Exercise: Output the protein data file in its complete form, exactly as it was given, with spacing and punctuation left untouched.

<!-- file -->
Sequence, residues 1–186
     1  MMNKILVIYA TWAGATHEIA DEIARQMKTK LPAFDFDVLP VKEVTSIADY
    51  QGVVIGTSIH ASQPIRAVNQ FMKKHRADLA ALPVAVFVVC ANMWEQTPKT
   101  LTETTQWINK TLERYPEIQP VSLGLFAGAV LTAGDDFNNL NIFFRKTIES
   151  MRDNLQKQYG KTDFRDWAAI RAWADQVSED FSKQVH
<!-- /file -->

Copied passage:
Sequence, residues 1–186
     1  MMNKILVIYA TWAGATHEIA DEIARQMKTK LPAFDFDVLP VKEVTSIADY
    51  QGVVIGTSIH ASQPIRAVNQ FMKKHRADLA ALPVAVFVVC ANMWEQTPKT
   101  LTETTQWINK TLERYPEIQP VSLGLFAGAV LTAGDDFNNL NIFFRKTIES
   151  MRDNLQKQYG KTDFRDWAAI RAWADQVSED FSKQVH